The Most Fattening Foods of Fall
So what exactly are the diet-spoilers to watch out for this season? Here are nine fall foods that can really pack a caloric punch:
- Halloween candy. Long before Halloween arrives, bowls of fun-size candy bars are all over the office. And then there are those tempting bags stashed in the back of the pantry. "When 3 p.m. rolls around, it is easy to get enticed by those bite-size candies. But one usually turns into more, and before you know it, you have eaten the equivalent of a full-size candy bar," says Gidus. Her advice: Stash sweets out of sight, and be prepared to satisfy your midday hunger pangs with something more nutritious. If you must have something sweet, chew a piece of sugarless gum.
- Cream soups and hearty stews. Cream of baked potato and broccoli cheese soups and beef stroganoff may seem like perfect fall foods, but beware. "Warm soups and stews feel so nutritious, but if they are loaded with cream, cheese, or meat, they are also loaded with calories," says Farrell. Serving them in a bread bowl, atop rice, or noodles, or dunking big portions of bread into them can put even healthy soups or stews over the top, in terms of calories, she says. So avoid these options, and be sure to choose broth and vegetable based soups and stews to fill you up for fewer calories.
- Root vegetables. While many are super-nutritious, root vegetables can quadruple in calories when you cream them, fry them, or mix them with cheese, cream, butter, canned soups, or crispy bacon. A sweet potato casserole can easily have 500 calories per serving -- 400 more than a simple roasted sweet potato. Shave calories by eating root veggies oven-roasted or grilled. If you just can’t pass on the mashed potatoes, skip the gravy and keep the portion to 1/2 cup.
- Seasonal beverages. Hot toddies may keep you warm at night, but these hot drinks, along with hot chocolate, pumpkin-spice lattes, eggnog, and apple cider are a quick and easy way to take in lots of extra calories. A 16-oz. Starbuck’s pumpkin spice latte with 2% milk and whipped cream packs 380 calories, while the same size caramel apple cider has 410 calories. "Be careful with hot, cold, or alcoholic beverages because they are additional calories and don’t affect how much you eat," says Farrell. One regular 12-ounce beer has 150 calories, and you can multiply that by however many you drink. So try a hot cup of green or flavored tea, rich with antioxidants and calorie-free. When you choose to drink alcohol, opt for light beer or wine spritzers, and limit yourself to one or two.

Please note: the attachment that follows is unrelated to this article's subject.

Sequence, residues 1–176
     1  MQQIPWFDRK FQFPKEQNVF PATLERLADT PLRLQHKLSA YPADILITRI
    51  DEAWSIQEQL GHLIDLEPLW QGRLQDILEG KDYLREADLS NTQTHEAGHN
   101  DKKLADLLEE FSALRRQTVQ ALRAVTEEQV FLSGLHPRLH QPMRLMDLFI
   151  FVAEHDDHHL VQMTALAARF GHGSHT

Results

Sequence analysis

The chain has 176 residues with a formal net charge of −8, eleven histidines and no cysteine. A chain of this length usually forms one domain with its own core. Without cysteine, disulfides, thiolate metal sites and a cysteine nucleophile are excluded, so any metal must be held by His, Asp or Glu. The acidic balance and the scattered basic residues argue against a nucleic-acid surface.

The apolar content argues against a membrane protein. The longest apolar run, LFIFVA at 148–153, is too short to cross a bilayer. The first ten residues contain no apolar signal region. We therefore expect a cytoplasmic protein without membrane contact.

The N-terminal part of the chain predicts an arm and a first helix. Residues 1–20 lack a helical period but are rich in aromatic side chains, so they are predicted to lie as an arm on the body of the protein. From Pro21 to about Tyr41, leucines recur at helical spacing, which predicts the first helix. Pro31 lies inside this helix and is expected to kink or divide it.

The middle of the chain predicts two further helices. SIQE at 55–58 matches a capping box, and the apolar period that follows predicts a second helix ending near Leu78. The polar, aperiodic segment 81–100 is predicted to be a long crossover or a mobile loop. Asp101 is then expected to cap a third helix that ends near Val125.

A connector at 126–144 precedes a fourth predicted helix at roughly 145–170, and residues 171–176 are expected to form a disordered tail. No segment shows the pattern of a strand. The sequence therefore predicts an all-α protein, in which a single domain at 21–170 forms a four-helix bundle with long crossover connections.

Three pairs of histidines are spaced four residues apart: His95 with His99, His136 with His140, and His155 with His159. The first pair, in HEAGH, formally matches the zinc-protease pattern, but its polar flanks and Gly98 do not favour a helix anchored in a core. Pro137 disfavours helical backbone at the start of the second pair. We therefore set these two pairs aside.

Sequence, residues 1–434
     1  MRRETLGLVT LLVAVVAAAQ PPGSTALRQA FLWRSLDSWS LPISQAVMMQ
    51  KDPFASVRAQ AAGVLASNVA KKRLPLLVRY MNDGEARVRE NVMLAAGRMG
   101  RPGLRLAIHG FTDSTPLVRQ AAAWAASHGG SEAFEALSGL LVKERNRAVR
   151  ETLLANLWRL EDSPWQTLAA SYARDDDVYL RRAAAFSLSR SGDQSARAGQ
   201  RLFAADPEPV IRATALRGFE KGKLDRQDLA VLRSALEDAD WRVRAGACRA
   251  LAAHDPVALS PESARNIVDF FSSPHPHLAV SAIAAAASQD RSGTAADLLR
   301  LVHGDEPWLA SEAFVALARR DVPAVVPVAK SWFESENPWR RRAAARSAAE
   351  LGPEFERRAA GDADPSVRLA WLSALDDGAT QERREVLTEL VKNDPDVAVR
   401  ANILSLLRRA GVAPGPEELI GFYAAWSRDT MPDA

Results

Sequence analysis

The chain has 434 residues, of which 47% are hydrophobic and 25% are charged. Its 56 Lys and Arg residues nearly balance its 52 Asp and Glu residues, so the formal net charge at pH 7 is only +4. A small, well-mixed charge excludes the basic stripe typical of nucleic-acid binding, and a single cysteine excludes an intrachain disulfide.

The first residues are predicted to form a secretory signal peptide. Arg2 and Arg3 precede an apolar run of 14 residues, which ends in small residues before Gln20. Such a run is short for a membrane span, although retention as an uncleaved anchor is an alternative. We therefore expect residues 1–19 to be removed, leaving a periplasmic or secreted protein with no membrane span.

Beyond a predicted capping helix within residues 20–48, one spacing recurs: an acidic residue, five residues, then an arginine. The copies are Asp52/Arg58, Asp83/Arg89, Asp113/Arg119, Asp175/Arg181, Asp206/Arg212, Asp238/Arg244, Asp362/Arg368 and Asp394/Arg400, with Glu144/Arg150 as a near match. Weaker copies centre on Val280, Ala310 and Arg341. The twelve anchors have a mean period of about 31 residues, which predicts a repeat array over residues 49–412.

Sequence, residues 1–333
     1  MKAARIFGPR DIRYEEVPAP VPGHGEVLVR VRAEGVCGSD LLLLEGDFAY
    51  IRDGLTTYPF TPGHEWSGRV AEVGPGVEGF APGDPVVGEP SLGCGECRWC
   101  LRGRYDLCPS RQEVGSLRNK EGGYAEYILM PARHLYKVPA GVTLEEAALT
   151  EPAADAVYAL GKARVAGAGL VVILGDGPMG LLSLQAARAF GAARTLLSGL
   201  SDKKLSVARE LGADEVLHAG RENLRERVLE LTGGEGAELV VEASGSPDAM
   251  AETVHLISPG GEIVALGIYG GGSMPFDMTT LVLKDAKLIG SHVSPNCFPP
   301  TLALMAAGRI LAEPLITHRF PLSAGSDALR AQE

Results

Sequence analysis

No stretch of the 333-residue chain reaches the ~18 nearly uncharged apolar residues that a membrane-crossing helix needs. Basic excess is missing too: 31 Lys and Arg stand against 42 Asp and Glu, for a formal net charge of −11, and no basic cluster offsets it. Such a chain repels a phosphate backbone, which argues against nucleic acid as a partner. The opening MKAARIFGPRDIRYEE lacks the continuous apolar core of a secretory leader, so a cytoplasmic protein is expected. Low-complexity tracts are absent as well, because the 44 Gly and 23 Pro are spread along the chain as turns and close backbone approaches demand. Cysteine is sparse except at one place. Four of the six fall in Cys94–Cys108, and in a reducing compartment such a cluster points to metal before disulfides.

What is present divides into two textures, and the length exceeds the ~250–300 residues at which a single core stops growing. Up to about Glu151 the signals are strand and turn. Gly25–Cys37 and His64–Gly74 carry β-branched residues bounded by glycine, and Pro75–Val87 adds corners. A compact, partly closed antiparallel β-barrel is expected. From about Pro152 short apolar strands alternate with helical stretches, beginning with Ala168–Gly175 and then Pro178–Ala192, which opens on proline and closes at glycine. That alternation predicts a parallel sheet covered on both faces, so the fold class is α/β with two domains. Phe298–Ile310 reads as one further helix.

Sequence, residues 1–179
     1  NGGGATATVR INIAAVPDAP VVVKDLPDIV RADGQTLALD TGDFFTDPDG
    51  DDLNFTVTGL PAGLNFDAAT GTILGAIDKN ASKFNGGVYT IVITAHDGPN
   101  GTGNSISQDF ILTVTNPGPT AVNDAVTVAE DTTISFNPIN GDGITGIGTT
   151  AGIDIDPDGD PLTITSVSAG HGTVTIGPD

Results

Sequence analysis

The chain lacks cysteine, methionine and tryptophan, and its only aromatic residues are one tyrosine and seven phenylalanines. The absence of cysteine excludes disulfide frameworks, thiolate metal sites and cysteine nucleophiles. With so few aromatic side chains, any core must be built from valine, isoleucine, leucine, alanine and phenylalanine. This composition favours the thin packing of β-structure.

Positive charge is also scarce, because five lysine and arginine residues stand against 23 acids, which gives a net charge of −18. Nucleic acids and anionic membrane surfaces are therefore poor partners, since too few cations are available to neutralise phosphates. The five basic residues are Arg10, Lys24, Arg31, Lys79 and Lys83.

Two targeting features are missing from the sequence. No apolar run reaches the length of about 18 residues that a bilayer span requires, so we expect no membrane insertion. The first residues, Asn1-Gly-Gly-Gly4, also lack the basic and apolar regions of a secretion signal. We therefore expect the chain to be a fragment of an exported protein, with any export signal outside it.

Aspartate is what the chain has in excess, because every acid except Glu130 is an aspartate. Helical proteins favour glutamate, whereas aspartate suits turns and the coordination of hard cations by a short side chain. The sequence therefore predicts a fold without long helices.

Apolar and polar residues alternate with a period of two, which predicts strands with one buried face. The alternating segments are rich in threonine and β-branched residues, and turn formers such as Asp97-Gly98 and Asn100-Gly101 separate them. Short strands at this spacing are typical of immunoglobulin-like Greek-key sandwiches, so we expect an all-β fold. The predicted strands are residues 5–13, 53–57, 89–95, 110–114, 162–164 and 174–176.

- Apples dipped in caramel. An afternoon snack of apples with a thick layer of caramel and coated with nuts can total more than 500 calories, says Gidus. Enjoy crisp apple slices with a small container of low-fat caramel dip (McDonald’s version has 70 calories) for the same great taste with a fraction of the fat and calories.
- Apple, pecan, and sweet potato pies. These fall favorites start with healthy ingredients such as heart-healthy nuts or antioxidant-rich fruits and vegetables -- but they also include high-calorie ingredients. "Rich, buttery pie crusts, sweet fillings, and the customary whipped cream or ice cream topping make these pies decadent and full of calories," says Farrell. Skip the crust, add a dollop of light whipped topping, and serve yourself only a sliver to enjoy these yummy desserts without lots of extra calories.
- Stuffing. There are so many versions of stuffing, most containing high-fat ingredients such as sausage and butter. And the calories keep coming when the stuffing is served with a ladle or two of gravy. "You can make a low-fat stuffing using fruits, vegetables, and stock, but you still need to keep the portion small and try to avoid smothering it in gravy," says Gidus.
- Macaroni and cheese. It's an all-time favorite comfort food for both kids and adults, but it can wreak havoc with your diet. At Boston Market, a 7.8 ounce serving of mac and cheese has 320 calories. To make it worse, many recipes call for extra ingredients such as high-fat meats or sausage. "Modify the recipe by using a low-fat cheese, low-fat milk and add in some veggies instead of meat to improve the nutritional profile and still taste great," says Liz Weiss, author of The Mom’s Guide to Meal Makeovers.
- Pumpkin desserts. Pumpkin layer cake, cheesecake, bread pudding -- there are so many ways to take the vitamin A-rich pumpkin and turn it into a decadently rich dessert. "Be careful, because if you add tons of cream and sugar, you negate the health benefits of pumpkin," says Gidus. Instead, she says, "lighten the other ingredients, try a crustless, low-fat pumpkin custard or low-fat pumpkin muffins, so you can enjoy the pumpkin without sabotaging your waistline."